Included in the complex will be a multi-level parking structure with more than 1,800 parking spaces, which will be completed in February. Parking is free; a user-friendly part of our serving the public at a time when many governments charge visitors and employees.
The next phase of construction, built at a huge savings because there is no Project Labor Agreement mandating union wages for workers, will involve two buildings that mirror the ones that debuted and a 20,000 square foot conference center.
I hope you will be at the Veterans' Day Parade in downtown San Diego on Thursday, November 11th. It begins at 11 AM at 1600 Pacific Highway on the east side of the County Administration Center and continues south.
November 11th marks the 56th observance of Veterans' Day by our nation to honor the memory of those warriors who did died in the line of duty and to acknowledge those who have returned and continue to make valuable contributions. More than 260,000 veterans call San Diego County home and they carry their patriotism and concern for others beyond the battlefield; participating in local government, churches, community groups, charitable organizations, and volunteer service programs.
Thousands of veterans will take part and be honored with the 24th Annual San Diego County Veterans' Day Parade in San Diego. It is a great event that involves active duty military units, marching bands and JROTC units from local schools. This year’s parade theme is “Welcome Home Cold War Warriors.”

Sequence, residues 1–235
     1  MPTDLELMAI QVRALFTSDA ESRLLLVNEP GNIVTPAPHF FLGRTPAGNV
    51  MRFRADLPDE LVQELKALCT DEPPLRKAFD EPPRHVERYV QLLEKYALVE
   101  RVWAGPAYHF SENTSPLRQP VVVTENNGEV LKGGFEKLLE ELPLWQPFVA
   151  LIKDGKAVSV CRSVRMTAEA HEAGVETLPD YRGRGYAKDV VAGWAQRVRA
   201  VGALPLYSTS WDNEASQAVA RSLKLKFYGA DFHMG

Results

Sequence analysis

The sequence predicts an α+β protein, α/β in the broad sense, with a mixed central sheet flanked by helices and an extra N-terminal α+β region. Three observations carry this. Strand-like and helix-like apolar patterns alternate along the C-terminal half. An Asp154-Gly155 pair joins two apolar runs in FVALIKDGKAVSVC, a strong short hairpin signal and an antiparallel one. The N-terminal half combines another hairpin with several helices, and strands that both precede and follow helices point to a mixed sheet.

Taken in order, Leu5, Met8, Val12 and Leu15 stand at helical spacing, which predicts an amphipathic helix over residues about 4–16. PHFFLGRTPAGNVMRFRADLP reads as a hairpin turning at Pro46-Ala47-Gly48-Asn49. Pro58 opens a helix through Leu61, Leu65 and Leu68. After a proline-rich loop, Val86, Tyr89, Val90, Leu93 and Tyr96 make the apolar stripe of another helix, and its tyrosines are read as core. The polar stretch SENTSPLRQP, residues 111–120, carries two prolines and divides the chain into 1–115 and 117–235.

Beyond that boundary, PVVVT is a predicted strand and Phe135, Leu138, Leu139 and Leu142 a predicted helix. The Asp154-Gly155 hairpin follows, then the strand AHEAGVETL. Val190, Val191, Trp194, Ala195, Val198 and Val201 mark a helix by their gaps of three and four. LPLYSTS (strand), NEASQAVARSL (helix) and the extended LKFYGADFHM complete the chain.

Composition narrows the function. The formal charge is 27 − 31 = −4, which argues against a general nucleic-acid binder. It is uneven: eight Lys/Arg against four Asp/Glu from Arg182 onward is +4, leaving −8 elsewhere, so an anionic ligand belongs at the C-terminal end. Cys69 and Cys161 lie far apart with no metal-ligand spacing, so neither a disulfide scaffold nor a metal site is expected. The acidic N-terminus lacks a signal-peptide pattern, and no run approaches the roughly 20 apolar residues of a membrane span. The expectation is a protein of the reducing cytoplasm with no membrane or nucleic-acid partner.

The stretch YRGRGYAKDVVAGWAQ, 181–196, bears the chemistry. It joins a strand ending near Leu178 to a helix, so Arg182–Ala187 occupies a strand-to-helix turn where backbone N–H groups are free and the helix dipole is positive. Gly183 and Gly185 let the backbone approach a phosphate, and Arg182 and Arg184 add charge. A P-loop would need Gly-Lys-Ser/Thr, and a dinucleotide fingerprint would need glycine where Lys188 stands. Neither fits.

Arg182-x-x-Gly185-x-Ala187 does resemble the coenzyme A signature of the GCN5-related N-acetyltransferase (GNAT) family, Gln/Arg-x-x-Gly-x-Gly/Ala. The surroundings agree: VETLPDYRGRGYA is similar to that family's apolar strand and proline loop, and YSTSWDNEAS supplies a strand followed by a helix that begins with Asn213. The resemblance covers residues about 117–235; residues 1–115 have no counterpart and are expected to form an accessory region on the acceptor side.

On October 19, I presented a proclamation to members of the Veterans' Day and Veterans' Week Committee who work so hard to make the parade a success. Committee members Jack Harkins, John Weaver, Bea Brunner and Clint Steed received the proclamation on behalf of all those volunteers who work the year round to make the one-day event happen.
As a former combat Marine officer, I have an extra measure of appreciation for those people who honor all who wore the military uniform of the greatest nation in the history of the world.
Putting a Green Lid on the Library
The Fallbrook Library is on track for move-in and dedication. This month modules were attached to make a “green roof.” This planted roof, the first of its kind was designed and implemented by the design architect, Manuel Oncina, and the architect of record, Ferguson Pape Baldwin Architects. The landscape vision for the library green roof covers about 3,500 square feet and uses a variety of native plants and species to create a fully realized design that becomes a living quilt of textures that can be seen from street level.
Here’s how it will work: at the base, concrete will cover the metal roof deck. Above that there is bonding adhesive and above that will be reinforced hot applied waterproofing membrane.
Below the actual plants will be a polypropylene sheet with edges overlapped and seamed. On top of that will be engineered soil with moisture portals. There will be a roof tray and then pre-planted, fully mature plants.
The parking area has been paved, initial custom artwork pieces were installed in September, and interior finishes are being installed as we get closer to moving the books from the temporary library, burying a time capsule, cutting the ribbon and opening this great community asset.
Vallecitos H2O District
Fifty-five years ago, the water necessary to support North County was much more plentiful than it is today. Two large agricultural centers in San Marcos and Twin Oaks Valley had all the water growers needed just beneath the surface.
Growing demand and a depleted groundwater supply caused community leaders to look elsewhere for sources and a more reliable flow of irrigation water.